Sunday, October 19, 2008

Reply to the Reverend Goldberg

I wrote a letter to the editor of the Standard Examiner concerning another letter written by a local minister about the Church and the Book of Mormon, which Mom thought you might like to read. So, here it is.

11 August 2008

The Reverend Goldberg writes, "The Jesus of Mormonism is not the Jesus of Christianity." In fact, Mormons worship Jesus of the New Testament, as do Protestants and Catholics . . . the Messiah who was born of the virgin Mary, who taught the Gospel of Salvation, who performed miracles, who was crucified, who rose the third day, and who is now at the right hand of his Father. It is the same historical person, God come to Earth. There is no other.

Mormons, who believe Christ to be the Son of God and who therefore call themselves Christians, believe in the Trinity, but not the Trinitarian doctrine that Catholic Christians and Protestant Christians espouse. We are at odds with the deliberations of the Nicean Council convened by the pagan emperor, Constantine in 325 A.D., and adopted by the ancient Christian world, a world now fractured as to belief and doctrine.

Mormons do not conform to this Trinitarian dogma because of the visions and revelations received by Joseph Smith Jr., beginning in 1820 and continuing until his death in 1844, which revelations, totaling some 850 pages, are accepted by Latter-day Saints as scripture. The Book of Mormon, the Doctrine and Covenants, and the Pearl of Great Price, have given Mormons new understanding of not only the Trinity, but Salvation, Marriage and Family, Heaven and Hell, Grace and Works, the Atonement, the Priesthood . . . virtually every doctrine associated with Christianity and have drawn the ire of Catholics and Protestants, especially Evangelical Protestants, who believe the Bible contains the totality of God's revelations. Reverend Goldberg says that Mormons consider the Bible to be "unreliable and untrustworthy." Mormons, in fact, love the Bible and hold it to be scripture, the Word of God. They do not, however, believe that every letter of every word in it is infallible, but that parts are missing or have been translated incorrectly, hence the need for living prophets and apostles and current revelation.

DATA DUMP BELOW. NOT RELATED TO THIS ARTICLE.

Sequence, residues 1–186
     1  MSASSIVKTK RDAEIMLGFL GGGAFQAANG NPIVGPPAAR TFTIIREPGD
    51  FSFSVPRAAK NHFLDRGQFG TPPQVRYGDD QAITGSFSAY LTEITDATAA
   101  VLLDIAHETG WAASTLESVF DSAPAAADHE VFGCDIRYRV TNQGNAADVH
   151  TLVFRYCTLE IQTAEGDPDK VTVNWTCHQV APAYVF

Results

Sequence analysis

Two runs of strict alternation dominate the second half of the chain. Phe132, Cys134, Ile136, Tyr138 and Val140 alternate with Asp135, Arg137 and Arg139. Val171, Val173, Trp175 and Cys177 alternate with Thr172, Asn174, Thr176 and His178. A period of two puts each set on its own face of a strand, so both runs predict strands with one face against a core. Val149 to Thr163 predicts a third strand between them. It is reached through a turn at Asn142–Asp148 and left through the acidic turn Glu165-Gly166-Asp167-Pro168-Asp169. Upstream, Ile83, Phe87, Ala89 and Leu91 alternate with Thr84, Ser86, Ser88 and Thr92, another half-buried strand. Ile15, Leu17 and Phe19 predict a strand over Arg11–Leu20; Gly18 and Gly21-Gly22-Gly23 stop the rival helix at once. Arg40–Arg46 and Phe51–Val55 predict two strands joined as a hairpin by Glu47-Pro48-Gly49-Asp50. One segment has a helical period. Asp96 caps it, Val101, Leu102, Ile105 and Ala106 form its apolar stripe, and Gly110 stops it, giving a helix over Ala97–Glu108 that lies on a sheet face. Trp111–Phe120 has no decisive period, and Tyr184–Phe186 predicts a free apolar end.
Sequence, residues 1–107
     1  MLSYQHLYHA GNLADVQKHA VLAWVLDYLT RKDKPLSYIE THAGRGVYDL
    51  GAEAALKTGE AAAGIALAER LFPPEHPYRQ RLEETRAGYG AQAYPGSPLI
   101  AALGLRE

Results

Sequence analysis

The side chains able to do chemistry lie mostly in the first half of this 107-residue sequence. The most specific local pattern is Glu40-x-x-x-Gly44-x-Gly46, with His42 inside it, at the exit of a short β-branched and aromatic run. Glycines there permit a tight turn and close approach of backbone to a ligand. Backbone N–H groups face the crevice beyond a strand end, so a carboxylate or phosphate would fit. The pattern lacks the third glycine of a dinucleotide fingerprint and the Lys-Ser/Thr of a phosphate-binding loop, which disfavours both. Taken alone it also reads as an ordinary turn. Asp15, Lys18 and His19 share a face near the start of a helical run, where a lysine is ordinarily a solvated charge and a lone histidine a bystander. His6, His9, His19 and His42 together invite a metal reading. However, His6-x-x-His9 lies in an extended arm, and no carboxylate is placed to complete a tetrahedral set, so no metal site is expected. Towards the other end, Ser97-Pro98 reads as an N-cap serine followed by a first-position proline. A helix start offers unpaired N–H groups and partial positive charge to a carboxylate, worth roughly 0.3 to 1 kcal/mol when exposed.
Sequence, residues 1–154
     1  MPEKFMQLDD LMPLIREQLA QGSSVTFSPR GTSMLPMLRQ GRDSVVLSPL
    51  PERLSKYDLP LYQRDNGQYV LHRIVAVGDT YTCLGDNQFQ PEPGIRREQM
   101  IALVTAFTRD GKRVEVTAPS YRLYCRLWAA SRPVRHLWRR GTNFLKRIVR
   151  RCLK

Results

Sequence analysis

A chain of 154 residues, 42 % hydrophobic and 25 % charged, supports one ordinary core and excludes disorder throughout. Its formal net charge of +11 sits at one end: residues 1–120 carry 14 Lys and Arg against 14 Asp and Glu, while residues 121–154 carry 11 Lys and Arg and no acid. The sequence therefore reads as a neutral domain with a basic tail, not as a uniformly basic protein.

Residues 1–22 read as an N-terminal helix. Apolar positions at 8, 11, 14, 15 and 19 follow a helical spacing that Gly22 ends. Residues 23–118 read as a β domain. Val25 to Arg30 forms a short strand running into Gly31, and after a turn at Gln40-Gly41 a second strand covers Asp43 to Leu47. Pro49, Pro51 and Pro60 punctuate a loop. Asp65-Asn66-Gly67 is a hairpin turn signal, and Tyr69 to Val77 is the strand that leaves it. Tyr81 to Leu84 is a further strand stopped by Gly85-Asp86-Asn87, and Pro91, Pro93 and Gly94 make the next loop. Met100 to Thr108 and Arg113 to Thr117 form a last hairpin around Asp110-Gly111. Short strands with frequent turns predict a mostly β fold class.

The Reverend Goldberg, speaking for many Evangelicals, asks the question regarding Mitt Romney, and I paraphrase, "How can any thinking person believe this stuff?" The Bible, he says, is proven true by archaeology and the Book of Mormon is not. The good Reverend surely knows that archaeology offers no proof of the existence of Jesus or any of his followers. This is also true of Book of Mormon prophets and writers. All we have, in each case, is circumstantial evidence, much of which is yet controversial and certainly undecided. We do have, in each case, the text itself . . . the word of God . . . to be read, thought about, prayed over, and decided upon. Furthermore, should archaeology prove the existence of any of these prophetic writers, it could not settle the truth of their assertions and doctrines. Proof in spiritual matters will be determined by faith, prayer, study, revelation and practice, that is until the Lord returns. Then we will have our proof.

Critics of the Book of Mormon should understand this: Either Joseph Smith invented the 587 page Book of Mormon and dictated it to his scribes from memory, or, he translated an ancient record from gold plates and dictated it to his scribes, as he, and they, said it was done. No third option presents itself, and in 179 years, there is not a molecule of evidence to support the first thesis . . . no preliminary notes, no first draft, no tales from family members, neighbors, or colleagues, of a young student of the Old Testament and the Middle East, conversant in theological intricacies, working nights on his project, asking questions, visiting libraries . . . just an intelligent but barely educated 23 year old, newly married, western New York farm boy, who, according to his wife, a school teacher, was perfectly incapable of producing such a book. We have also the testimonies of eleven other men, including his principal scribe, Oliver Cowdery, age 22, that they saw and handled the gold plates. The original manuscript was written in 30 working days, and the book itself with its complex structure and Hebraic forms, customs, and names, its powerful witness of the Savior, its profound theological arguments and treatises, is now witnessed by millions of believers convinced that it, like the Bible, comes from God.